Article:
Is this a turning point for Pakistan's blasphemy laws?

The case of Rimsha Masih could be a watershed moment in the struggle for religious toleration.

The case of Rimsha Masih, a 14-year-old Christian girl with Downs syndrome from the impoverished Mehrabadi district in Islamabad may yet have resolution. An iman, who planted pages of the Koran in the bag of paper she was carrying, and for which she was charged with blasphemy, was arrested on Sunday. He was brought into police custody when his deputy Maulvi Zubair and two others told the magistrate that he had tampered with the girl’s bag because this was a “way of getting rid of Christians”.

The attack on one of Pakistan’s frightened minorities has galvanised the liberal English-language media. There is expectation that the case may be a turning point.  “don't lose hope. Blasphemer Imam case has changed the course of discourse,” one Lahori tweeted this week. Paul Bhatti, the only Christian cabinet minister, whose brother Shahbaz Bhatti, then minister for minorities, was gunned down by extremists in March 2011, has spoken of the deputy iman’s speaking out as a  “good omen” and that it will be significant in future prevention of abuse of Pakistan’s strict laws on blasphemy. In Express Tribune, one of the country’s leading clerics, the chairman of the All Pakistan Ulema Council stated that the case of Rimsha should be a watershed for the country’s blasphemy laws.

However, behind the symbolism of an unreformed blasphemy law - brought in by the British in 1860, expanded in 1927 and given political Islamisation by the military and General Zia between 1980 and 1986 -  lie more complicated issues. The British decision to partition the subcontinent along lines of religion in 1947 brought violence, bloodshed and massacre. Jinnah intended Pakistan as a secular administrative state where religion would not be divisive and minorities would be free to practise their faith. Yet its existence was born of religious identity; the country’s over-hasty creation by lines on a map resulted in migration and violence on a scale still not fully assimilated.

From the 1950s, as the military and fledgling civilian democracy struggled for grasp of Pakistan’s future, religious issues refused to go away. Very early on the Ahmedi community was sidelined as not being properly Islamic. Those in the Christian community were assigned low-caste roles as sweepers, waste and sewerage disposers. Hindus, who numbered 16 per cent of Pakistan’s population in 1947, were kept tied to the land, bonded labour effectively, the only compensation being a deep feeling of belonging and identity with the lands they had worked for thousands of years. The minorities were not able, as they had been in the pre-1947 subcontinent, to live side by side and in peace with their neighbours.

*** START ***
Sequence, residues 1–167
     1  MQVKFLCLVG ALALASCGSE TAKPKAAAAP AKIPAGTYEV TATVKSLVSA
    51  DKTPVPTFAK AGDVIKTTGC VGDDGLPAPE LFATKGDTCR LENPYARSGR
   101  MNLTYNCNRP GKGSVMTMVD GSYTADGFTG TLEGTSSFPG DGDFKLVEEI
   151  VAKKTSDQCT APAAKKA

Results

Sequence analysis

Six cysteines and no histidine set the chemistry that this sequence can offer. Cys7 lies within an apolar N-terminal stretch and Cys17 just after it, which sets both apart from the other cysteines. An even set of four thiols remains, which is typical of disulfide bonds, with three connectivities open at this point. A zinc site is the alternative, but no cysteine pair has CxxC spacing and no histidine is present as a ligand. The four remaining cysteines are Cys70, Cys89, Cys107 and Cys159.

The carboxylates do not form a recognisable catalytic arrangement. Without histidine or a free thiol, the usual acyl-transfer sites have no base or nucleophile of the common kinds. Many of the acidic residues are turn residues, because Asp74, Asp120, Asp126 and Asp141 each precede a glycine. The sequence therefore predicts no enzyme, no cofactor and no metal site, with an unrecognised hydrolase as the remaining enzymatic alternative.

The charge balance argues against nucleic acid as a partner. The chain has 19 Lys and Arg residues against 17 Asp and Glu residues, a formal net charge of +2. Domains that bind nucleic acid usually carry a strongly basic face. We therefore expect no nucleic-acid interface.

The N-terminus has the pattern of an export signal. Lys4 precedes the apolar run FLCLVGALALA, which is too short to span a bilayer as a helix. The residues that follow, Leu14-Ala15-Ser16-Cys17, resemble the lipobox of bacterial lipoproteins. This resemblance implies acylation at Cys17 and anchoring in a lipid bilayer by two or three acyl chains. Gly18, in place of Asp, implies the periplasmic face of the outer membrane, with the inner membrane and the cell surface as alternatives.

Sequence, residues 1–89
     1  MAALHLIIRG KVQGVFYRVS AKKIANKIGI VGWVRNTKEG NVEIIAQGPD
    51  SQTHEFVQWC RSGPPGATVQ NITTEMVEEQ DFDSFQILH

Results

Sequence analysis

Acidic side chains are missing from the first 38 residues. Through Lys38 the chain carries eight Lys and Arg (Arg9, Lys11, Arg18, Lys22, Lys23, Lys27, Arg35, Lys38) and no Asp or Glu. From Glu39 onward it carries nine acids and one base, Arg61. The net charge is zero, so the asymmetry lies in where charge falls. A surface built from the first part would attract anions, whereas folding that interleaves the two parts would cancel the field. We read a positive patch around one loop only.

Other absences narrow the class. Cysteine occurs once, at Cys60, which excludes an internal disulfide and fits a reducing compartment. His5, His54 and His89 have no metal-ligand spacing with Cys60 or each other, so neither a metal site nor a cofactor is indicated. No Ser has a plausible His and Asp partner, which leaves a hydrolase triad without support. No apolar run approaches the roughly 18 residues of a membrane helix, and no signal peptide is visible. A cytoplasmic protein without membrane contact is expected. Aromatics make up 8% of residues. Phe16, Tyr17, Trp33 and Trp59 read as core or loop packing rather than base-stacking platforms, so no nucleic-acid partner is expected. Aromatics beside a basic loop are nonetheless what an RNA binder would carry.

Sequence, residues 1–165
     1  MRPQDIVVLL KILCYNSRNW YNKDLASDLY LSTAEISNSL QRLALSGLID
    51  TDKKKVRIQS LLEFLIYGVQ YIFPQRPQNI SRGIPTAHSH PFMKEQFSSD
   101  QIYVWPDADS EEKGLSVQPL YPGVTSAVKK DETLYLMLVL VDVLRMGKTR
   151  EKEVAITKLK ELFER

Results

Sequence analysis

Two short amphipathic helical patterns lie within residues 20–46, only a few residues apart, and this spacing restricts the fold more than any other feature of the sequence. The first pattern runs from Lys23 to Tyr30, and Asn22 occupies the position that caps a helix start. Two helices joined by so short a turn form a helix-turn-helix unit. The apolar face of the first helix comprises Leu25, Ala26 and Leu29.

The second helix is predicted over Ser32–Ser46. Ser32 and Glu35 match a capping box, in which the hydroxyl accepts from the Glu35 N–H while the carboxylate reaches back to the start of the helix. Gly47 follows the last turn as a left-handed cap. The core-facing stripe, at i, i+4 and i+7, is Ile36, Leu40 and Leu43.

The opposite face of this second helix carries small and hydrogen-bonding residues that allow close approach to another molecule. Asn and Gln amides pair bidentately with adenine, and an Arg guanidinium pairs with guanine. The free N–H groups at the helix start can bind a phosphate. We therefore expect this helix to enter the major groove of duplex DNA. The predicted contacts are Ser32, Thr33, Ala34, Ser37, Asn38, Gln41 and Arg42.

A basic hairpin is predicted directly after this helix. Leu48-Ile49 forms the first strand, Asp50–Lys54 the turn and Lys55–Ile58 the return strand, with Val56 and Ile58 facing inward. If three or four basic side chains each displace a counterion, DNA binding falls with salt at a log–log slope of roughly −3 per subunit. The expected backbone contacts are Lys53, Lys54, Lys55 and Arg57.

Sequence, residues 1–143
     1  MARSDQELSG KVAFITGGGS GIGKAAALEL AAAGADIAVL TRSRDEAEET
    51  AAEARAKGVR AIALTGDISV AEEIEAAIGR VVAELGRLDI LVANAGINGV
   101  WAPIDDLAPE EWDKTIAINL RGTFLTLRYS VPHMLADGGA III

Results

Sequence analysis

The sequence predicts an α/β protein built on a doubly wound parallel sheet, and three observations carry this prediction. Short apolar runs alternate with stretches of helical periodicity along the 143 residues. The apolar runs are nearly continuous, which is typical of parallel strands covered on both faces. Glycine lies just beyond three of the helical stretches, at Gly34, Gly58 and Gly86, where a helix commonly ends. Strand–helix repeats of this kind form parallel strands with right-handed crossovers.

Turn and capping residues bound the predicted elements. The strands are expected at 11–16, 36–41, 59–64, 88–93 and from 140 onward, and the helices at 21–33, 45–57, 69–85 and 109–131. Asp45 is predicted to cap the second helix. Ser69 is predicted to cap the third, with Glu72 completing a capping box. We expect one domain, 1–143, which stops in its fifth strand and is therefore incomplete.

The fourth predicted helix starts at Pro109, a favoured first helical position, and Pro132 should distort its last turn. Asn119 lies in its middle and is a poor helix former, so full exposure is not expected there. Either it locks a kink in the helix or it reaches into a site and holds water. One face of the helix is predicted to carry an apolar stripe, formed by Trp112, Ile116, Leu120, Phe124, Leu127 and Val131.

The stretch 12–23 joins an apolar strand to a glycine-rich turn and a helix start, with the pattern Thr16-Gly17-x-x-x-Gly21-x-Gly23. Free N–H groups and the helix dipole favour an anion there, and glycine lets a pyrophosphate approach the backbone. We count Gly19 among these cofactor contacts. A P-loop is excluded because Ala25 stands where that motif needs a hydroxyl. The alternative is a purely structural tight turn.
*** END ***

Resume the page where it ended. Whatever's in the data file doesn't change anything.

By the 1970s, the rise of the oil-rich Gulf and a complicated melange of geo-strategic players, which included Soviet Russia and the US, would see their position in Pakistan’s state further undermined. As Dr Mubashir Hassan, nuclear scientist and co-founder of the PPP with Zulfikar Bhutto in 1967, confirmed at the end of August talking on ZemTv, Bhutto declared Ahmedis non-Muslim in the 1970s as a political stunt under Saudi (Sunni) pressure.

When the Saudis openly backed and funded Zia’s military regime in the 1980s, things worsened. In 1984, the Ahmedi community was legally outlawed as Muslims and not allowed to call their places of worship mosques. Saudi Arabia and Washington matched each other dollar for dollar to fund the Sunni mujahideen in Afghanistan against the Soviets. The Pakistan military played a double game and it spilled over into Pakistan in the backing of jihadist groups and militant clerics who acted, rather like the sixteenth century right-wing religious Spanish Inquisition (Tribunal del Santo Oficio de la Inquisición), as an unofficial police service of state and psychological and actual terroriser. 

In the last ten years with Saudi Arabia still calling the tune with the Pakistan military and any civilian government unable to legislate effectively, persecution of the Shia, Ahmedi, Christian and Hindu minorities has increased. It is against a background of hatred, contempt and intolerance of non-Sunni Pakistanis which extends to the school curricula and is matched by the military’s Urdu television output. This isn’t new, it goes back decades.

But since 2010, when minorities were routinely discriminated against for aid during the floods, the military’s intolerance of minorities has accelerated. Salmaan Taseer, former governor of Punjab and Shahbaz Bhatti, the Christian minister for minorities were assassinated for standing up for a tolerant, pluralistic Pakistan in which the blasphemy law could not be misused. This year there have been massacres of Shia pilgrims in Balochistan and Gilgit and, after the attack on their Lahore places of worship in 2010, in which 94 members of the Ahmadiyya community were brutally gunned down, constant harassment of the Ahmedi and Christian communities.

In Sindh, the Hindu population have been under real pressure from Islamisation. Aleem Maqbool, the BBC’s Islamabad correspondent, tweeted in September 2011 “seeing many minority hindus affected by floods in pakistan living on roads scared of going to camps run by islamist parties”. Forced conversions and intimidation are forcing many Hindus to leave lands they have occupied for thousands of years as this article  in Lahore’s Friday Times detailed in March. “You cannot understand how much we love this land,” Ajeet Kumar said. “We have been living here for millennia and are among its indigenous people. This is our land and its people are our people. We are Sindhis and have never discriminated on the basis of religion. But due to the constant fear of abductions, we are leaving Pakistan and Sindh.” In south Punjab, too, as this report this week  shows, just weeks after the 65 year anniversary of Independence, Hindus are again making the journey over the border to India.

For the Christian community of Islamabad, Rimsha’s case may at least be a turning point. The blasphemy law is often misused to settle personal vendettas. The clerics were prepared to tell the truth about the iman. The judiciary may yet do its job properly on this issue. The media has a better record of holding the institutions of state to account. It will keep working on this and not let go.